Archives and Special Collections

Archives, Historical Records, Special Collections

Little Buttons, Big Movements: Processing the Mary M. Leno Button Collection

Mary M. Leno Button Collection

NUASC estimates the collection contains about 5,000 buttons documenting a number of political and social movements, mostly since the 1960s. Original label for this box: “Peace Now; Bombs and Guns; Native Americans.”

Northeastern Archives and Special Collections holds the Mary M. Leno button collection (Z09-016 and Z19-011), a personal collection of about 5,000 items collected by Leno which document a range of social issues and political activism from the second half of the 20th century and early 21st century. The materials in this collection complement other special collections in the repository, and give voice to local, national, and international solidarity movements. The Archives has recently developed a plan to organize and inventory the collection, and is also considering digitization.

The collection consists mostly of pinback buttons featuring text and graphics, as well as enamel buttons, patches, and ribbons. Most buttons with text are in English, but we have also found items in Spanish, Russian, and Japanese. The topics the buttons cover include women’s rights, LGBTQ rights, African-American rights, Native American rights, prisoners’ rights, immigrant rights, civil rights, ecology and environmentalism, health issues, nuclear power, housing and development, war and imperialism, labor issues and unions, media power, consumer rights, and ageism, among other subjects. A large part of the collection consists of American political campaign and political party buttons, spanning back to at least 1916.

Despite spanning such a diverse range of topics, the majority of buttons are undated and typically provide little provenance information beyond manufacturing details. Text or graphics usually give some indication of context, but often we cannot place the buttons in a particular time and place, and know little about their background prior to donation. Because of this lack of context, we have decided to organize buttons by topic to the best of our ability. Most buttons were grouped into loose topics when they were donated. Apart from adding some additional topics and changing some language, we have decided to in large part retain Leno’s original organization of the materials.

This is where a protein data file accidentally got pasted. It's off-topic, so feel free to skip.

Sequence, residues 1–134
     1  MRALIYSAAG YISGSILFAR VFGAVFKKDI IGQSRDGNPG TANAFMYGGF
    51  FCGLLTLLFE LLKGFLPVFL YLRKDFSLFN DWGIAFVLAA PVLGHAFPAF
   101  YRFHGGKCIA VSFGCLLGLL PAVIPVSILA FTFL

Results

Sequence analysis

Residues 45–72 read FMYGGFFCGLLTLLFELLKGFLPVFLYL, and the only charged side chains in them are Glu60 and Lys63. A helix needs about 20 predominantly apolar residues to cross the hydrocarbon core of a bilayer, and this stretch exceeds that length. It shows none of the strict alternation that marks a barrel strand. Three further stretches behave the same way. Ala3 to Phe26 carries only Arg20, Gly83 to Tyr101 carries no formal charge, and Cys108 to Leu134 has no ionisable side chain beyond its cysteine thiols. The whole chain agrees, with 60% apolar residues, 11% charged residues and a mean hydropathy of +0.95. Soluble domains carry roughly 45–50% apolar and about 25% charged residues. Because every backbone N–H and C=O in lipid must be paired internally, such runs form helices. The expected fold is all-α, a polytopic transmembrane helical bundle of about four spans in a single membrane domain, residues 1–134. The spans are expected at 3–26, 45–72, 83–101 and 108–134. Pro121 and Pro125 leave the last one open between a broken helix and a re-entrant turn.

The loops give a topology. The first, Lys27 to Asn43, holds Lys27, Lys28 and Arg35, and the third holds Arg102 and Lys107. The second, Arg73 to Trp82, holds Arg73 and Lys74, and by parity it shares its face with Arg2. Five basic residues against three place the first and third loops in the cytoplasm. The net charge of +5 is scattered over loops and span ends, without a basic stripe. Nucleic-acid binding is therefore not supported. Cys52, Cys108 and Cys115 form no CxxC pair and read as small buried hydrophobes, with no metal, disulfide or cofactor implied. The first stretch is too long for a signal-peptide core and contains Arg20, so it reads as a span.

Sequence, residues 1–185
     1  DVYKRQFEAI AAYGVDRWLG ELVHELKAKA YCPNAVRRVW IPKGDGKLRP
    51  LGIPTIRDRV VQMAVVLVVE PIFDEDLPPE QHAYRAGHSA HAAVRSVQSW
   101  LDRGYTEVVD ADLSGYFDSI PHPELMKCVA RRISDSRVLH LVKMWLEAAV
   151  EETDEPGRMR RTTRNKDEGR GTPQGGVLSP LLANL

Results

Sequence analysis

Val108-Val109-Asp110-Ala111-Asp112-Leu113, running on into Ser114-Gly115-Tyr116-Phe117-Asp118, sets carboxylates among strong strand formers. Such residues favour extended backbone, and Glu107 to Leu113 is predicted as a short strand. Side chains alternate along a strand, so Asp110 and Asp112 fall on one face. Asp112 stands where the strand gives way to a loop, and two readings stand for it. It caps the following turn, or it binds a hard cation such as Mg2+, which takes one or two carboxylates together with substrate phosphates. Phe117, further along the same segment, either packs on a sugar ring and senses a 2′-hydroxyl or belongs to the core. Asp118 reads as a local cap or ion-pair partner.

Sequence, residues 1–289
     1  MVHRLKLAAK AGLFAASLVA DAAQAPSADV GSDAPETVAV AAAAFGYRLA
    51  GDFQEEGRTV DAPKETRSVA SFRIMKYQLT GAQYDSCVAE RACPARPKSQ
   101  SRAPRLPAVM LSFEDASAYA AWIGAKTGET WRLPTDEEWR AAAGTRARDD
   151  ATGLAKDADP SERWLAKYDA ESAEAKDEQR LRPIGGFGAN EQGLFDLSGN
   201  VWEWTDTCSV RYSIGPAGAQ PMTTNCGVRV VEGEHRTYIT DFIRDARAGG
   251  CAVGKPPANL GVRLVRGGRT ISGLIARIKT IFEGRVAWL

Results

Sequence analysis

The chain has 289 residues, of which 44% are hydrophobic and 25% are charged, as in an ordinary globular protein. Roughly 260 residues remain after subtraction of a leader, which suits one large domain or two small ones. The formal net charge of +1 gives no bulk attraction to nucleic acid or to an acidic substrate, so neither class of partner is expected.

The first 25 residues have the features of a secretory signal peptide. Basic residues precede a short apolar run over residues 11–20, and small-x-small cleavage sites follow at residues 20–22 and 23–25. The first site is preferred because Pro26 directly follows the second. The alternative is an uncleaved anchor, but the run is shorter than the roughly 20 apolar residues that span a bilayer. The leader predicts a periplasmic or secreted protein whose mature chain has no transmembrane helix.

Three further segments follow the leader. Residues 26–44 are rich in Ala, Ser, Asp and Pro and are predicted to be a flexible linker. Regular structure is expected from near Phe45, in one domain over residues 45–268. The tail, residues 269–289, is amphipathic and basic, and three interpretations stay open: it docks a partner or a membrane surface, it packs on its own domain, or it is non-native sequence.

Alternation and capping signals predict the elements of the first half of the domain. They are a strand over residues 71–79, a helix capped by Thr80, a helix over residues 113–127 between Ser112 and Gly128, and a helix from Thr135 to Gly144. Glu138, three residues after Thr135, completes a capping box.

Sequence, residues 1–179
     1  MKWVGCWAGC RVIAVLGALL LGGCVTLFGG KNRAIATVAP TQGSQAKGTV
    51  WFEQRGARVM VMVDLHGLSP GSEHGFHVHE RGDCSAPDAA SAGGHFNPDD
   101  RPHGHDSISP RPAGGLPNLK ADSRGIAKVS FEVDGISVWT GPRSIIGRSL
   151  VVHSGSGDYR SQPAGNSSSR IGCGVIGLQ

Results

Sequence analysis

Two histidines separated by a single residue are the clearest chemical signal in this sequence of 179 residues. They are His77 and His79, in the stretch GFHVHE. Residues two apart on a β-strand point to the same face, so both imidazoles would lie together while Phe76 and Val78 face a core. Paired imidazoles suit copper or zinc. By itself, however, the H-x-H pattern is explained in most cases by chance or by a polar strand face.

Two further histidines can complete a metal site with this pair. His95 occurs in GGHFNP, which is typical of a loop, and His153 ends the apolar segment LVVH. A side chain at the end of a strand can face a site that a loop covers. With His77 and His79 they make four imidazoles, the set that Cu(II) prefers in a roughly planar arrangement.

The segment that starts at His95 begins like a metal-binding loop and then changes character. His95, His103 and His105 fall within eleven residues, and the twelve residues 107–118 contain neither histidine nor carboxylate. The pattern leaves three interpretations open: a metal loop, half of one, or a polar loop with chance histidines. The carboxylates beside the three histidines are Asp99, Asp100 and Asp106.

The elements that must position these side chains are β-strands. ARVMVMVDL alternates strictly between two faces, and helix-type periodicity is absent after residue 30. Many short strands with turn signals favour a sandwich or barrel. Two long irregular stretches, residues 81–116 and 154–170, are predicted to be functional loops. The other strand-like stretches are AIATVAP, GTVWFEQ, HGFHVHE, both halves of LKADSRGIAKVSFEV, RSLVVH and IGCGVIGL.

One of the most interesting aspects of this collection is how many of the buttons address intersectional issues and activism. Buttons about eco-feminism, housework labor, environmental racism, consumer divestment, AIDS prevention, and political prisoners are just some examples of overlapping movements and topics. To accommodate this, we intend to inventory and record basic information about each button, to help users find specific items they may be looking for across topics. The hope is that this will support the discovery and research of intersectional issues and social movements.

We hope that by processing and enhancing access to the Mary M. Leno button collection, we can help patrons research and discover histories of social and political activism through archival objects. The collection is open for research, and we encourage you to come take a look when the reading room reopens. For more information, please contact us at archives@northeastern.edu.

Mary M. Leno Button Collection

Buttons arrived at the Archives in several boxes, with multiple topics represented in each box. Original label for this box: “Multi-Cultural; African-Americans; Native-Americans, Prisoners’ Rights; Imperialism.”

Mary M. Leno Button Collection

A box of buttons documenting LGBTQ- and AIDS-related activism.

Behind the Scenes of the Freedom House Digitization Project

Northeastern University Archives and Special Collections has thousands of archival records available online through our Digital Repository System (DRS). While exploring our digital collections, you can learn more about the University’s past or dive deep into the history of social movements and community organizations in Boston. One of the library’s ongoing digitization projects is to make the Freedom House records more broadly accessible by digitizing and describing the collection, which provides a fascinating look at community activism in Roxbury in the mid-late 20th century. 

Cover of the June 1973 issue of the Roxbury Goldenaires Heart Line newsletter

Digitized during this project: The Heart Line newsletter, a source of poetry, humor, political content, and more for elderly Roxbury community members